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Re: Reversed Hallux in Theropods: a query
In a message dated 95-11-24 16:55:05 EST, DSmith0531@aol.com writes:
>It seems that the reversed hallux of theropods figures prominantly in
>discussions about arboreal theropods and the evolution of birds. However,
>from every illustration and skeletal reconstruction I have seen, this
>"reversal" is not so reversed as to create a grasping toe! More often than
>not, it seems, it points backward (like a much reduced normal toe would),
>forward (like a digit specialized for grasping would). In some cases, it
>appears that it might be directed to the side a bit, but still faces more
>backward than forward.
The trouble is, you've seen it reconstructed only in cursorial theropods, in
which it was invariably reduced and repositioned. But if you want to see what
the retroverted hallux really looked like in the arboreal forms, take a look
at Luis Chiappe's paper on his Patagonian enantiornithan bird specimen
(sorry--exact reference is not handy, but check out any of his most recent
bird-paper reference lists and you'll find it). The hallux ungual is
_markedly_ larger than the unguals of the other toes, and it points forward,
in clear opposition to the other toes. This was a grasping foot, no question
about it. It is almost difficult to imagine, in fact, how this bird could
have walked with a claw like that stuck on its "heel."
>Now the questions:
>1) Is the "reversed" hallux really reversed after all? If so, why isn't it
>reconstructed that way? If not, why is it such a big deal?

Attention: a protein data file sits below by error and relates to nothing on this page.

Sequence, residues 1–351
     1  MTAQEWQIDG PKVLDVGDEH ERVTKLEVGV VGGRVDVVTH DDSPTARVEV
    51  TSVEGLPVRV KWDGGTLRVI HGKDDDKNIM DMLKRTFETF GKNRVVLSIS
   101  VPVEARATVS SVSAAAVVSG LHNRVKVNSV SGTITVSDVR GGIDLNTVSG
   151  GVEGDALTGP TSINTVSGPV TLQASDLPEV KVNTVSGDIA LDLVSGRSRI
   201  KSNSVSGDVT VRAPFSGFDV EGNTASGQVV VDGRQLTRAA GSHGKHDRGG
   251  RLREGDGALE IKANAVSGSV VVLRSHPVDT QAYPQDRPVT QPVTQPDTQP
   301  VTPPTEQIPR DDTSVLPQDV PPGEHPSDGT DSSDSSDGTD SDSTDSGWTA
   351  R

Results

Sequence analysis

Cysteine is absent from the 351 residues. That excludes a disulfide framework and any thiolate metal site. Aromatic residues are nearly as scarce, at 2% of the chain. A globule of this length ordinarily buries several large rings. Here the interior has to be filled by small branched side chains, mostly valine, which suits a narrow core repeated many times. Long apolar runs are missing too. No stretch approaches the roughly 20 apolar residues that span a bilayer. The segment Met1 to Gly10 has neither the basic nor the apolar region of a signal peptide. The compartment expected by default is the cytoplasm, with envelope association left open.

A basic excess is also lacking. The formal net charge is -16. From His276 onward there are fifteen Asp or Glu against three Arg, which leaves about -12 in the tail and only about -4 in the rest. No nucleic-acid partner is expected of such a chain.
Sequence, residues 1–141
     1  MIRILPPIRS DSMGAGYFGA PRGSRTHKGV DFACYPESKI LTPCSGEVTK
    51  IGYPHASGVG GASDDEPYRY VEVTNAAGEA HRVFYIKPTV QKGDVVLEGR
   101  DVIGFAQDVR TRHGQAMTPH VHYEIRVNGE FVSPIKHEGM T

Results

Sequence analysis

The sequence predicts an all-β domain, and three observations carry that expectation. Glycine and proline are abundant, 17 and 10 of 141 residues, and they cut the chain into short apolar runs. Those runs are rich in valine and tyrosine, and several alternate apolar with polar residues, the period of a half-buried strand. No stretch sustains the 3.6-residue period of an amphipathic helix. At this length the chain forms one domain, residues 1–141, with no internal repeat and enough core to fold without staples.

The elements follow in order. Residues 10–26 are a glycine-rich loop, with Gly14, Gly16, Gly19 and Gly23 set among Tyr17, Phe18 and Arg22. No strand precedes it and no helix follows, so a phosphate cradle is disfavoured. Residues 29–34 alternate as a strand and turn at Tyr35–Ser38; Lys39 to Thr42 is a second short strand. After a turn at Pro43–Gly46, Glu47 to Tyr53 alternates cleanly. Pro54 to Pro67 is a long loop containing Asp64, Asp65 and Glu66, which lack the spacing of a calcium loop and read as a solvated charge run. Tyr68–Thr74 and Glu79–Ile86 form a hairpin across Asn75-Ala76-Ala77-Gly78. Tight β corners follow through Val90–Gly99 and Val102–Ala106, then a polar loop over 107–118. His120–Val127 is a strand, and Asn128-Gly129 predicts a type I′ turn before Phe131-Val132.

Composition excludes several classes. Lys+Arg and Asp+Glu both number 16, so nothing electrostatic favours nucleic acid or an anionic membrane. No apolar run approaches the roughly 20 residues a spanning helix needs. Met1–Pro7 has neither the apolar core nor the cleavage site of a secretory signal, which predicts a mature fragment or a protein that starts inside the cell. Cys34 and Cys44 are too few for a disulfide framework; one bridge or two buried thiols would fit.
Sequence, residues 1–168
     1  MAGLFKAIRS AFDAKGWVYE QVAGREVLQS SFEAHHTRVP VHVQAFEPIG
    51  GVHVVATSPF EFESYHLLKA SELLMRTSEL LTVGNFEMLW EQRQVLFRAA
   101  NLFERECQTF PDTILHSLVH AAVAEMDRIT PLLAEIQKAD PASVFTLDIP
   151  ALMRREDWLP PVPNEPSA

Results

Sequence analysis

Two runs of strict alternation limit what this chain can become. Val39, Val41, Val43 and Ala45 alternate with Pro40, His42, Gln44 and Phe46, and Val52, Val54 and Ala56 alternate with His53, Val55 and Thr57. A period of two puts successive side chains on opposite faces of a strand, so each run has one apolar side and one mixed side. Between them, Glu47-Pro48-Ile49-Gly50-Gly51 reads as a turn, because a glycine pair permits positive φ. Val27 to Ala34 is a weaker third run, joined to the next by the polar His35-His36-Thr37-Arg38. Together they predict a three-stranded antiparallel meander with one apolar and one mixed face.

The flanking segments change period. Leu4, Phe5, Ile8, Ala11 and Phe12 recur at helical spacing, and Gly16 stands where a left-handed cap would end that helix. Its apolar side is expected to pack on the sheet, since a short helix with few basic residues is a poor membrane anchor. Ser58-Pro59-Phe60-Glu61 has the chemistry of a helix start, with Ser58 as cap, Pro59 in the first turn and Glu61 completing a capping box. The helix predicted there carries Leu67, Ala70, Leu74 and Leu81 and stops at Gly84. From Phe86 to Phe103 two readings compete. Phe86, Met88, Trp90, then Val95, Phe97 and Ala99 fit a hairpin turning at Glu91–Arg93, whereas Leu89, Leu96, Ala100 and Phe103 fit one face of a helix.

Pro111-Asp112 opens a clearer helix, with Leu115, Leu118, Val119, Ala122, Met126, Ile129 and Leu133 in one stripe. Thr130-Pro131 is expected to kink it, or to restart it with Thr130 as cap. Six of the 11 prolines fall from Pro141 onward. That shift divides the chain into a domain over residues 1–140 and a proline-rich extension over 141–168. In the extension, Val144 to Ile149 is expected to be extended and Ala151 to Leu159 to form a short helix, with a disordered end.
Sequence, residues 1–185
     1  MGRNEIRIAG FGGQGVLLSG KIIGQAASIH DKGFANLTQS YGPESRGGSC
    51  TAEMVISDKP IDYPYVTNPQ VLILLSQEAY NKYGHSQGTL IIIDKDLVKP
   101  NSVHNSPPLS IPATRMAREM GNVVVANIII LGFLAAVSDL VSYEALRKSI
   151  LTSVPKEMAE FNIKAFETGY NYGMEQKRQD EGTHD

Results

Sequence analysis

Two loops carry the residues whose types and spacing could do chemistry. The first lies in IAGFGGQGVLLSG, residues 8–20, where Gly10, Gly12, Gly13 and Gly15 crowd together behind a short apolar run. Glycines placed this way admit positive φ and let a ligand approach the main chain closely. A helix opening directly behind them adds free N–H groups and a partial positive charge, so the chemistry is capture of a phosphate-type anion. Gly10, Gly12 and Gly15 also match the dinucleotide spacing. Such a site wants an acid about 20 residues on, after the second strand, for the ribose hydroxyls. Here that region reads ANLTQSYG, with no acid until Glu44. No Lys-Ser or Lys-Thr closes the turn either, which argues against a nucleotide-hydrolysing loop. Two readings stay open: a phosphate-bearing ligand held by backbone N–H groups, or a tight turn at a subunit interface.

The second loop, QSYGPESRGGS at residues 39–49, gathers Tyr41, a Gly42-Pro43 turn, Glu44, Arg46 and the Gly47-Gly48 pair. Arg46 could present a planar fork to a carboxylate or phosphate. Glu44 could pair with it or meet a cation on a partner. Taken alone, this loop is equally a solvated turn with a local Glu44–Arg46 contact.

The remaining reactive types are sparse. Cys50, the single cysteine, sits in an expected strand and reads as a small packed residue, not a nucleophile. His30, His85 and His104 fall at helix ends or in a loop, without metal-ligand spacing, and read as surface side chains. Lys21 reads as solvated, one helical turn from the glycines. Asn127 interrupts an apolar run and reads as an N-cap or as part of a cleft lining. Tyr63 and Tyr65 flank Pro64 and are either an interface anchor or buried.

>2) If the hallux were to be used as a grasping tool (e.g., for perching),
>wouldn't it have to be at least as large as the main toes (digits II-IV)?
> The purpose of a backwards pointing toe would be to keep the animal from
>falling forward, but the dismally small digit I's of theropods seem
>ill-suited for such a task - even for the small critters!
Heh, heh! See above.
>I must say that (gulp) on this point (and this point only), I agree with
>Larry Martin. I just don't see how the this little toe could be of much
>whether the animal was arboreal or not.
And indeed it wasn't--to a cursorial theropod.
But in all theropods, cursorial or not, that retained metatarsal I, it
articulated with the _back_ of metatarsal II, which even had a shallow groove
as the joint. There is a fair amount of rotation that the tip of metatarsal I
could undergo within the groove, so some liberty is used when making drawings
of that region of the skeleton, and digit I can be turned out sideways and
even pointed forward.
>Any clarifications would be most appreciated!